One soldier was killed and several others injured in an attack on military personnel in Nigeria’s oil-rich south, a security source said on Thursday, in the second incident this month in the restive region.
The attack happened in the early hours of Thursday in the Ogbogbagbene community, south-west of the Delta state capital Warri, according to locals.
A source at Nigeria’s Department of State Security intelligence agency said it was not immediately clear whether those responsible were “militants or just hoodlums”.
“But they killed a soldier, injured others and carted away arms and ammunition, as well as a military gunboat,” he said, adding that the injured were being treated in hospital.
There was no immediate response from the military joint task force that handles security in the region when contacted by AFP.
One woman who lives locally said people “heard gunshots by the waterside where the army formation is stationed at about 2:00 am (0100 GMT) this morning, only to realise that the army was under attack”.
Angodi Akpo, who sits on the Burutu local council, said the community was “under siege” because of fears of reprisals.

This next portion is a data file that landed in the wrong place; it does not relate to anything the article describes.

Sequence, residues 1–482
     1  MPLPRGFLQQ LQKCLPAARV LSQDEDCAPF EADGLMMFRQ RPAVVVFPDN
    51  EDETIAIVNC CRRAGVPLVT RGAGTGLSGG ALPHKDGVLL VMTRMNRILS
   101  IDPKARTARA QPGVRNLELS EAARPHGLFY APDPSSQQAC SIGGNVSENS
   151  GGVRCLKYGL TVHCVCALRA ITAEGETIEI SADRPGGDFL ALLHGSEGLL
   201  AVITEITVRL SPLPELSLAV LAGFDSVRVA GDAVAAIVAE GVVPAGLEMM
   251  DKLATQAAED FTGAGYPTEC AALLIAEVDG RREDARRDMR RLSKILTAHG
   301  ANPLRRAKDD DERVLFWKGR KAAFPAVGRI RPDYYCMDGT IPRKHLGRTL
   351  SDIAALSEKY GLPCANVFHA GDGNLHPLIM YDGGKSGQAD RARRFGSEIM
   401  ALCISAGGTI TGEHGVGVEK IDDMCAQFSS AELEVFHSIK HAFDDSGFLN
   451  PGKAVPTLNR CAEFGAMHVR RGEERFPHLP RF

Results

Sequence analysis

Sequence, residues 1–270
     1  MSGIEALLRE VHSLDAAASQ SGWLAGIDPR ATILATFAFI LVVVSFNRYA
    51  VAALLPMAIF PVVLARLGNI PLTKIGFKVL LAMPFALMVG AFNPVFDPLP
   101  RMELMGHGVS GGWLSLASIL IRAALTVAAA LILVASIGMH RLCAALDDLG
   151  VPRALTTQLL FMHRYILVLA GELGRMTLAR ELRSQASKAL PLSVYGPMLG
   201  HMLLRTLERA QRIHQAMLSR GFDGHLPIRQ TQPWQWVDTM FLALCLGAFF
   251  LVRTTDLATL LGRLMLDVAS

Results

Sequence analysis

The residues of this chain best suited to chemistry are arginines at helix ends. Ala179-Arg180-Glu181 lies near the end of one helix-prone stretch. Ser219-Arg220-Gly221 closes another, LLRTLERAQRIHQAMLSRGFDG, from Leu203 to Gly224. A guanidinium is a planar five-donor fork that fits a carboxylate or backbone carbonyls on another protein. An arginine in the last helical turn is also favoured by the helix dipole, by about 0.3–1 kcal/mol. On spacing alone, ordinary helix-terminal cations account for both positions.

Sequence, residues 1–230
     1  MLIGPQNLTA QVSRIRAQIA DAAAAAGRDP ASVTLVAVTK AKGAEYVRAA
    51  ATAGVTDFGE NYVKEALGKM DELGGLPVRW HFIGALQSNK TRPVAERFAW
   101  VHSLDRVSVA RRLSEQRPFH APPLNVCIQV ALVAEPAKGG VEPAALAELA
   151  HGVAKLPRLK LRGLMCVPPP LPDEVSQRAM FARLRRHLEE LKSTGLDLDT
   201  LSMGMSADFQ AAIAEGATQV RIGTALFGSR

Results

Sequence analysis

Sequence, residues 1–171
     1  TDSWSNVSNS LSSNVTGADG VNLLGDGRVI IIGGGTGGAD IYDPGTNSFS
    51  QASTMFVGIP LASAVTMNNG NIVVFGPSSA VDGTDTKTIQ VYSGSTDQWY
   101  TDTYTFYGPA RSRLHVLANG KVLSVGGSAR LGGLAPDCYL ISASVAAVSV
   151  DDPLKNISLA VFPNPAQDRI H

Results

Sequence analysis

“Everyone is apprehensive and is locked indoors over the likely action of the military following the attack, as the security operatives are harassing innocent residents in the guise of searching for the culprits,” he added.
Twelve days ago two soldiers were killed at Sapele in Delta state, where there was also a similar attack in May that left four marine police officers dead.
The Niger Delta region, which includes Delta state, is home to Nigeria’s multi-billion-dollar oil and gas industry and has frequently been hit by unrest.
Militants have periodically mounted attacks on oil and gas infrastructure as part of their calls for a fairer share of profits from the sector for local people, most of whom live in dire poverty.
After repeated attacks in 2016 that hit oil production, the government initiated talks with rebels, leading to a fragile truce and promises of improvements in the impoverished region.